News Video | Policy | GPs | Hospitals | Medical | Mental Health | Welfare | Search

 

Spending time supports child’s brain development

WellChild News Release 23.02.07

Spending time supports children’s brain development


Leading paediatricians say giving children time is especially important for growth and development in the first three years of life.

New Zealand Brainwave Trust’s medical spokesperson Dr Simon Rowley, says research suggests children who are nurtured, given every opportunity to explore the world and enjoy a variety of positive experiences, become flexible, empathetic and intelligent members of society in later life.

The Brainwave Trust was set up to use existing scientific research on brain development to enable children in New Zealand to reach their full potential.

“At birth our brains are only 15% connected. The other 85% of brain connections happen after birth in response to what we experience, particularly in the first three years,” says Dr Rowley.

“In order to become connected or 'wired up' we need lots of sensory experience to stimulate the brain cells to 'switch on' and talk to each other. This is most effectively done by parents and caregivers spending time with children and encouraging and facilitating exploration,” says Dr Rowley.

Research shows children who are neglected or raised in chaotic, abusive or violent circumstances fail to develop important characteristics like warmth and empathy.

“Their brains are ‘wired’ up for negativity and this does affect people in later life,” says Dr Rowley.

Well Child paediatrician Dr Marguerite Dalton agrees. She says giving time is the best gift a parent can give a child.

“The theme of Children’s Day this year is timely, given the recent United Nations Children’s Fund report which paints a bleak picture of how much time New Zealand parents and caregivers spend with their kids.”

“Interaction and engagement with our under 5’s is so important,” says Dr Dalton.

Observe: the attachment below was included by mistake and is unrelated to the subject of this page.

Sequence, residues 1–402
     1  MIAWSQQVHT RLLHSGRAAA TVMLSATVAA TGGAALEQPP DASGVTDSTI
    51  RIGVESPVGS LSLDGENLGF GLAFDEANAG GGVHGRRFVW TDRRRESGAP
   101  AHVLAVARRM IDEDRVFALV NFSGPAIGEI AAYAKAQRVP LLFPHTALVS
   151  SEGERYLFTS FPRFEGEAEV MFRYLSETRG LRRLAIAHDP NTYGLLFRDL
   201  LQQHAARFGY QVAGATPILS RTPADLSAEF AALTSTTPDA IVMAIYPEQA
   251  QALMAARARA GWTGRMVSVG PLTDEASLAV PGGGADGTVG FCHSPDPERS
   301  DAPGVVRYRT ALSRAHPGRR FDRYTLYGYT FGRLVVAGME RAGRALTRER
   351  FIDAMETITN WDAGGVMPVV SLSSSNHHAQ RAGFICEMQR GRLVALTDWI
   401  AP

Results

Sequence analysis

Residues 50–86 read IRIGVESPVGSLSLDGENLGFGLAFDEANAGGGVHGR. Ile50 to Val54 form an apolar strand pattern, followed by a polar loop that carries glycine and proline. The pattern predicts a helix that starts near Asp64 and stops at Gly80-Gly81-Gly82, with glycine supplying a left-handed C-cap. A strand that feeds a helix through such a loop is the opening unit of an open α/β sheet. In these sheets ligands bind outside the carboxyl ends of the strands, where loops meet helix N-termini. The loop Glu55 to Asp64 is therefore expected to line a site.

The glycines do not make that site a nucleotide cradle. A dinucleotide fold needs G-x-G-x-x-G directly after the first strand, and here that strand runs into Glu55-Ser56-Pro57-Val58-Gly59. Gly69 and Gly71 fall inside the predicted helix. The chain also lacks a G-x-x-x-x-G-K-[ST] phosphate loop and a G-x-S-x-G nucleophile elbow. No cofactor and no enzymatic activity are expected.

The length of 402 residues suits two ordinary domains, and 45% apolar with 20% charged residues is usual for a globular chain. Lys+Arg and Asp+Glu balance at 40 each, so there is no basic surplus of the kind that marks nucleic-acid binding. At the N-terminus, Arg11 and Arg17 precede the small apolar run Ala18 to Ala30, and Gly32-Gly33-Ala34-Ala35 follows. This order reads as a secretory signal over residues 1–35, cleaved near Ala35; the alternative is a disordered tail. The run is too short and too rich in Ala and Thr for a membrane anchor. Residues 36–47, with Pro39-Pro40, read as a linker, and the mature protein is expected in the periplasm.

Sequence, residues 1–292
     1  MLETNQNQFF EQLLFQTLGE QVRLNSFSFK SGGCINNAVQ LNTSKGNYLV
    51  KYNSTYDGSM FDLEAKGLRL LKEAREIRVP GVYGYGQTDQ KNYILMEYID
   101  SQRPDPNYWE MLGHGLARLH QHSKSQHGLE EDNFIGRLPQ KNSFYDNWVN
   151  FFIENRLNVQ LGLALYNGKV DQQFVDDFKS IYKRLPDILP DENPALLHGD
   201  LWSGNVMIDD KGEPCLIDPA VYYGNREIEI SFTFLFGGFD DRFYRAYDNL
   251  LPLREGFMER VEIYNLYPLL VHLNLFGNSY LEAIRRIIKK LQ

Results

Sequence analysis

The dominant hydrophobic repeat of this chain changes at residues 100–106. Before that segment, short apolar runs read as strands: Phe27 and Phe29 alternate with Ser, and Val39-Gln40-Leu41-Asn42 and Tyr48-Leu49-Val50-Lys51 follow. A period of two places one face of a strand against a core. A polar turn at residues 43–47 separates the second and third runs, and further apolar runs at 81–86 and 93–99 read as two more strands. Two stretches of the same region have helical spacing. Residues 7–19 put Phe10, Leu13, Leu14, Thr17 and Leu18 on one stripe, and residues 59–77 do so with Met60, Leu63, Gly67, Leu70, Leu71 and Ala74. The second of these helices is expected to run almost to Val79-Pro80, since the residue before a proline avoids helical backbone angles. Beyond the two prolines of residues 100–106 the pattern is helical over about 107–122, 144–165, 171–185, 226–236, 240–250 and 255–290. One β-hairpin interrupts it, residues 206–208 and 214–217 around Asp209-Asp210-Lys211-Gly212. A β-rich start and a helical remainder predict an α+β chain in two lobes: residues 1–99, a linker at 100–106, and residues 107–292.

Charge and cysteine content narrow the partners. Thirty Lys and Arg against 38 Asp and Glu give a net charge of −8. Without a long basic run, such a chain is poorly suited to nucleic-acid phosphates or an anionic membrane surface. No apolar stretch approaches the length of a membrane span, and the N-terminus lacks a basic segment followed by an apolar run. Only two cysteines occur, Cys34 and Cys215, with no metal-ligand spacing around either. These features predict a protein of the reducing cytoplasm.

“Parents don’t need to spend a lot of money – getting kids involved in ordinary, every-day tasks, is a great way for them to feel connected, loved and special.”

“We need to make spending time with kids a habitual activity – something we do frequently and for the duration of a child’s youth,” says Dr Dalton.

This Children’s Day, Well Child encourages parents and caregivers to praise, talk to and spend time with children.

“Spending time can mean many things, but it does involve doing things together; like reading a book, playing a favourite game, eating, cooking, cleaning up the house, going for a walk or just having a cuddle – it’s only limited by your imagination,” says Dr Dalton.

Parents should also make time to immunise on time. Research shows delaying immunisation by as little as 30 days makes a child 4 times more likely to be hospitalised with whooping cough.

And don’t forget the routine Well Child checks – they’re free and provide a good opportunity to discuss the health and wellbeing of your child.

ENDS

© Scoop Media

 
 
 
Culture Headlines | Health Headlines | Education Headlines

 


Howard Davis: Emerald Fennell's Promising Young Woman'


The Guardian needed not one, but three reviews to do justice to Fennell's unsettling approach, which indicates exactly how ambiguous and controversial its message really is. More>>


Howard Davis: Jill Trevelyan's Rita Angus

Although Angus has become one of Aotearoa’s best-loved painters, the story of her life remained little known and poorly understood before Jill Trevelyan's acclaimed and revelatory biography, which won the Non Fiction Award at the Montana New Zealand Book Awards in 2009, and has now been republished by Te Papa press. More>>

Howard Davis: The Back of the Painting

Painting conservators are the forensic pathologists of the art world. While they cannot bring their subjects back to life, they do provide fascinating insights into the precise circumstances of a painting's creation, its material authenticity, and constructive methodology. More>>


Howard Davis: Black Panthers on the Prowl

A passionate and gripping political drama from Shaka King, this is an informative and instructive tale of human frailty that centers around the charismatic Chicago Black Panther leader Fred Hampton, who was murdered at the age of twenty-one during a police raid. More>>

Howard Davis: Controlling the High Ground

Stephen Johnson's raw and angry film not only poses important questions with scrupulous authenticity, but also provides a timely reminder of the genocidal consequences of casual bigotry and xenophobia. More>>

Howard Davis: Dryzabone - Robert Conolly's The Dry

After the terrible devastation caused by last year’s bushfires, which prompted hundreds of Australians to shelter in the ocean to escape incineration and destroyed uncountable amounts of wildlife, The Dry has been released during a totally different kind of dry spell. More>>


Howard Davis: Hit the Road, Jack - Chloé Zhao's Nomadland

Nomadland is perhaps the ultimately 'road' movie as it follows a group of dispossessed and disenfranchised vagabonds who find a form of communal refuge in camp sites and trailer parks after the economic contraction of 2008. More>>

 
 
 
 
 
 

LATEST HEADLINES

  • CULTURE
  • HEALTH
  • EDUCATION
 
 
  • Wellington
  • Christchurch
  • Auckland